What role for God in Ireland's future?
“When God wants to change the world, he doesn’t send in the tanks. He sends in the meek, the mourners, the peacemakers and those who are hungry for God’s justice.” The Right Reverend Professor N.T. Wright from St Andrew’s University tonight (Friday 21 October) delivered the 5th Annual C. S. Lewis Lecture in Dublin’s Radisson Blu Hotel.
“People imagine that the place of Christian faith in public life will be a matter of imposing ‘our standards’ on everyone else,” said Prof. Wright. “Instead, in the New Testament, ‘good works’ are what Christians are supposed to be doing for the wider community.”
Described by TIME magazine as “one of the most formidable figures in the world of Christian thought” Prof. Wright questioned the secular modernism that has created a climate, which is against the church having anything to say at all, let alone in public life.
“The modernist ideology [says] religion is something for consenting adults in private, because God and the world simply don’t mix”. It embraces “the brave new world where ‘human rights’ means that everyone has the right to do whatever they like,” Prof. Wright said.
While acknowledging the scandals and failures of the church that have so often dominated our headlines, he called for a balanced view and pointed to the guillotine and the gas chamber as two of the most potent and revealing symbols of modern secularism.
“For every Christian leader who ends up in court or in the newspapers there are hundreds and thousands who are doing a great job, unnoticed except within their own communities,” he added.
“The church is not supposed to be a society of perfect people doing great work. It’s a society of forgiven sinners working for Jesus’ kingdom in every way they can, knowing themselves to be unworthy of the task.”
Western civilization has rightly rejected the concept of “theocracy”. “When people claim that God’s in charge what they normally mean is that their interpretation of God and his rule must be given absolute status,” Wright argued.
Instead Christians engaging in their communities and in public life should interact on the basis of love not power. “God’s whole style of operating reflects his generous love.”Agents of Jesus’ should demonstrate the same vulnerable, gentle but powerful self-giving love.
Christians have made significant contributions to world history through this kind of engagement.
Citing William Wilberforce’s fight to abolish slavery, Desmond Tutu efforts not just to end apartheid but to produce a reconciled, forgiving South Africa and people like Cicely Saunders who started a Hospice for terminally ill patients that has spread across the globe, Prof. Wright called for the church to live out its calling as “salt and light” in the world.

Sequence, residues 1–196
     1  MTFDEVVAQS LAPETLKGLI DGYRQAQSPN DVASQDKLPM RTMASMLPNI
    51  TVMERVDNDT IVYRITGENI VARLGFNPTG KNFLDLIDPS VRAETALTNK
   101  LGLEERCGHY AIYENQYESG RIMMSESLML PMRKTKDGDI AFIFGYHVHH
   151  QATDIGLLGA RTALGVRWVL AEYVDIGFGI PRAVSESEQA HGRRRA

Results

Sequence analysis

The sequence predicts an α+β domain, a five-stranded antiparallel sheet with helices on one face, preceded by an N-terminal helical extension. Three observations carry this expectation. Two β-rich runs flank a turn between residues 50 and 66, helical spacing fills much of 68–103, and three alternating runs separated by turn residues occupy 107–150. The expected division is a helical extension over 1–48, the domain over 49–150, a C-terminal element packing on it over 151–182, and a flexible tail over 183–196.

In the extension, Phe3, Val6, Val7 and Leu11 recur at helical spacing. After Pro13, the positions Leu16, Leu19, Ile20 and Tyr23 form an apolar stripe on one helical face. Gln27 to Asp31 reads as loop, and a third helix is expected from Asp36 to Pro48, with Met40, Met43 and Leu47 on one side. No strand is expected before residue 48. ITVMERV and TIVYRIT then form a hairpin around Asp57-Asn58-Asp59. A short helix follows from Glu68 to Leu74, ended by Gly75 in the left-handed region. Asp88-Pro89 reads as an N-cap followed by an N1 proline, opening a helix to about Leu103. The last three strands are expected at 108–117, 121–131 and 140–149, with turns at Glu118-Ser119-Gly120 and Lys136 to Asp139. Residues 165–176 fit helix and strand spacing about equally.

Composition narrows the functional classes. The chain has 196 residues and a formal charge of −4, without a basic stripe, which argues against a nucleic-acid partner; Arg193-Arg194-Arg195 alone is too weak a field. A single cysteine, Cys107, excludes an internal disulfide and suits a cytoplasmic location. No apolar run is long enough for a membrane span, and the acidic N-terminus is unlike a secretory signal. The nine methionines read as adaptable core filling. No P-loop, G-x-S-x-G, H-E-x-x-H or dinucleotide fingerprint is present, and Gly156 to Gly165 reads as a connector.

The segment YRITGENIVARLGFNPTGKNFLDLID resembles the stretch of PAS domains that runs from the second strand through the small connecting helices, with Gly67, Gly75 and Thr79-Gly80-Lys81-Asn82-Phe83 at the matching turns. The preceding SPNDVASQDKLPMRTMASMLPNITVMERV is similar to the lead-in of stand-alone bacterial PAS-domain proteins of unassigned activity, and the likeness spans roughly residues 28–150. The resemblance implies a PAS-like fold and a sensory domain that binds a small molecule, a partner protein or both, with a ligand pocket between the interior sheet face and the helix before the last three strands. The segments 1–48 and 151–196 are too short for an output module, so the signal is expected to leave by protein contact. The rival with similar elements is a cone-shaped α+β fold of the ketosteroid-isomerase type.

“There are millions of things, which the church should be getting stuck into that world rulers don’t bother about,” he said.
The new opposition
While modern democracies have sought to ensure accountability in public life through political opposition and journalistic comment, all too often this has failed to address corruption and injustice within our systems of government. We all know that this is a very blunt instrument. Accountability isn’t all it’s cracked up to be.”
“Those who follow Jesus have the task, front and centre within their vocation, of being the real ‘opposition’,” Prof. Wright claimed, a role that the church has often neglected in recent history.
“We must speak up and speak out. Each generation, and each local church, needs to figure out wise and appropriate ways of speaking the truth to power.”
“This doesn’t mean that they must actually ‘oppose’ everything that the government tries to do. They must affirm what can be affirmed, point out things that are lacking, critique what needs critiquing and denounce, on occasion, what needs denouncing.”
Historically, Christians were the champions of the poor and the oppressed. “They spoke up for their rights; they spoke out against those who would abuse and ill-treat them.”
Calling for “Beatitude” people
When Christian faith is doing its job within the public life of a nation, peacemakers will be putting arms manufacturers out of business. Those who are hungry for justice will speak up on behalf of those who are bottom of the pile. The merciful will surprise everyone by showing a different way to do human relations and followers of Jesus will have a positive effect as light and salt in their communities.
“Jesus went about feeding the hungry, curing the sick and rescuing lost sheep; his Body is supposed to be doing the same. That is how his kingdom is at work,” Prof. Wright said.